The “Get Ready for Brexit” campaign was devised and delivered in extreme haste in summer 2019, as it became apparent that the UK might leave the EU on October 31st without a “deal”, an economic and political agreement, in place. The campaign, with a budget of £100 million, was launched on 1 September 2019 with the aim ensure that everyone was prepared for a potential “no-deal” outcome.
But despite spending £46 million of taxpayers’ money before aborting the campaign on October 28th, when an extension to the UK’s membership of the EU to 31 January 2020 was agreed, the Cabinet Office was unable to demonstrate that the campaign led to people being better prepared for the UK leaving the EU.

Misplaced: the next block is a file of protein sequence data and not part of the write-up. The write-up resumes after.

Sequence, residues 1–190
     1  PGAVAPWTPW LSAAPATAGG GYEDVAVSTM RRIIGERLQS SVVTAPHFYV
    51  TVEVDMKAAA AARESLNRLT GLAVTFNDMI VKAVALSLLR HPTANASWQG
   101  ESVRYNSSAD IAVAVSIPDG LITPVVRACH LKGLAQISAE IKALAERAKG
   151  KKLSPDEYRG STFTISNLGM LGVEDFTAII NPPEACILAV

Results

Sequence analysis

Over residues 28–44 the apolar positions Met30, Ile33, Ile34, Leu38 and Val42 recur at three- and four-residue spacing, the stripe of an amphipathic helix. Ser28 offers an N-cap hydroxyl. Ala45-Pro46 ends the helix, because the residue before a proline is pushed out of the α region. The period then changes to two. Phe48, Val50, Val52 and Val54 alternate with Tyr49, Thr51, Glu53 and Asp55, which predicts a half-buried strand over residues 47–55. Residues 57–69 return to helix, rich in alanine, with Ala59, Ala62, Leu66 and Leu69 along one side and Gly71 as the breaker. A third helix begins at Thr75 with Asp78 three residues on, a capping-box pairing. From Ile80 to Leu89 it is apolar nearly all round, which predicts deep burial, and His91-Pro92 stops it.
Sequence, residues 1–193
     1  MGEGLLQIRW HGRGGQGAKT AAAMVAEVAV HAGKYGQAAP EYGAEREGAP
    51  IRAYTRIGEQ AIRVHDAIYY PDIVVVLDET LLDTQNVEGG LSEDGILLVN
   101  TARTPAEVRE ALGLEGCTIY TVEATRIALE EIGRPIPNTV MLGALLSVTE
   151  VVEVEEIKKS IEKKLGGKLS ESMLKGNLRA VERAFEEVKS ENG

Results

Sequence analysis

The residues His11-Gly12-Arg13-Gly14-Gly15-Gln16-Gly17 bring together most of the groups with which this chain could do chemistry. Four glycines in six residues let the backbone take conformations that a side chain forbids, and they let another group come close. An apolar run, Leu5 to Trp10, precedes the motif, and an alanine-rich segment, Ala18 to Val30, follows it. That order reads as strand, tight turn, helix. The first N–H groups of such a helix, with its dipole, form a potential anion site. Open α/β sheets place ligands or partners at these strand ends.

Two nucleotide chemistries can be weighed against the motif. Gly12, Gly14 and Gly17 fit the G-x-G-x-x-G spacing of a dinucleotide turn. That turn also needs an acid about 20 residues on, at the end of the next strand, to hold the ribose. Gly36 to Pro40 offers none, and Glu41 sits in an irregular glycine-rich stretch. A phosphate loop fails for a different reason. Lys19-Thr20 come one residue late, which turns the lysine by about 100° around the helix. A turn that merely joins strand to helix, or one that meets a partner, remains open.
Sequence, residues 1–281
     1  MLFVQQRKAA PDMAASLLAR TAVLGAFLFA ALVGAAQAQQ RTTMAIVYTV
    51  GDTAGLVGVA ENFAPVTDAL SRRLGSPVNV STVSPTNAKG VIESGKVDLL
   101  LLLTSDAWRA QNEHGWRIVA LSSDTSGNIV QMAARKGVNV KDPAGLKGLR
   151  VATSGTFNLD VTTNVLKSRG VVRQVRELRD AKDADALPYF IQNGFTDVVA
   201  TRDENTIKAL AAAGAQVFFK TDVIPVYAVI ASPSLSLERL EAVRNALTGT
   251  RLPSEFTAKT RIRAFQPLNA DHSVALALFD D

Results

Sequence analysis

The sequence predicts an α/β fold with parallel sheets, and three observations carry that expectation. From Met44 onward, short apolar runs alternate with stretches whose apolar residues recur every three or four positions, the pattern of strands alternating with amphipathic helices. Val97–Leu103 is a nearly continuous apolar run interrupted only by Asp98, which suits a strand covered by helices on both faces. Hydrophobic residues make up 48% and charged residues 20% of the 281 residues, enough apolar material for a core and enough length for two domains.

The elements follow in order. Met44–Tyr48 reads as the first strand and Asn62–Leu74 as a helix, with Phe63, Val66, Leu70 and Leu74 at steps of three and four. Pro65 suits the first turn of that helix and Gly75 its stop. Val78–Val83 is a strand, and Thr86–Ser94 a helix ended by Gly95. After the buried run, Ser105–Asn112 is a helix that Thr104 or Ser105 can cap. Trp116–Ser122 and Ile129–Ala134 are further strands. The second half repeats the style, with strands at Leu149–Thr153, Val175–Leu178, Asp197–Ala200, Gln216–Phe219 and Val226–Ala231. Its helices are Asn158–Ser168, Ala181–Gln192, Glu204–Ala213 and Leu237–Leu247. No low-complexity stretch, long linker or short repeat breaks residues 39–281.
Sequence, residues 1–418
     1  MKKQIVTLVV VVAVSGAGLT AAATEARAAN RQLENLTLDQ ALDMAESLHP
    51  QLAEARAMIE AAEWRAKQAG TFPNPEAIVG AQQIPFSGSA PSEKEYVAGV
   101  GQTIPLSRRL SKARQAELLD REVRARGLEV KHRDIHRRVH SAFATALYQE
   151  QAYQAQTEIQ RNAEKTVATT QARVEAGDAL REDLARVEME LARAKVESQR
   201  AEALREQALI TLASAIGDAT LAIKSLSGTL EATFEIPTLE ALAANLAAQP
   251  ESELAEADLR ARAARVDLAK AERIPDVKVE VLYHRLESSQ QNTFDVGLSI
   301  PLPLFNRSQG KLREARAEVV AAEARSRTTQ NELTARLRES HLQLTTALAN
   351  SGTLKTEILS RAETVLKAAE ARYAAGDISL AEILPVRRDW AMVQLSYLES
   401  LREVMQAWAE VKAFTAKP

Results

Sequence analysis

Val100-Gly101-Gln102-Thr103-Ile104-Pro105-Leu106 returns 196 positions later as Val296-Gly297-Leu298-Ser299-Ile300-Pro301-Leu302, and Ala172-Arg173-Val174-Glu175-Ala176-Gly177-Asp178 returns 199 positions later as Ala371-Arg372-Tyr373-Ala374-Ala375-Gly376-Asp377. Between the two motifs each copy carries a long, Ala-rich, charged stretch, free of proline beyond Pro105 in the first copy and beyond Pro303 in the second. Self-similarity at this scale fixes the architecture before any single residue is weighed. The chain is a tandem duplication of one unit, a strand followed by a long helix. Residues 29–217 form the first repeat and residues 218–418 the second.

Planning started too late with insufficient attention paid at the outset to understanding what businesses needed, or how to monitor and evaluate the campaign’s success. Too much was spent on the “air” mass advertising elements of the campaign designed to raise awareness and not enough on the “ground” targeted activity which would get people to take action, to change their behaviour.
The Committee calls on Government to set out, within the month in response to this report, a clear, cost-justified plan for an “effective and timely communication campaign for the end of the Brexit transition period” on December 31st this year, including the lessons it has learned from the failures of last year’s campaign.
High-Speed 2 “badly off course”: DfT must demonstrate with regular, open accounts how it is bringing it under control, says PAC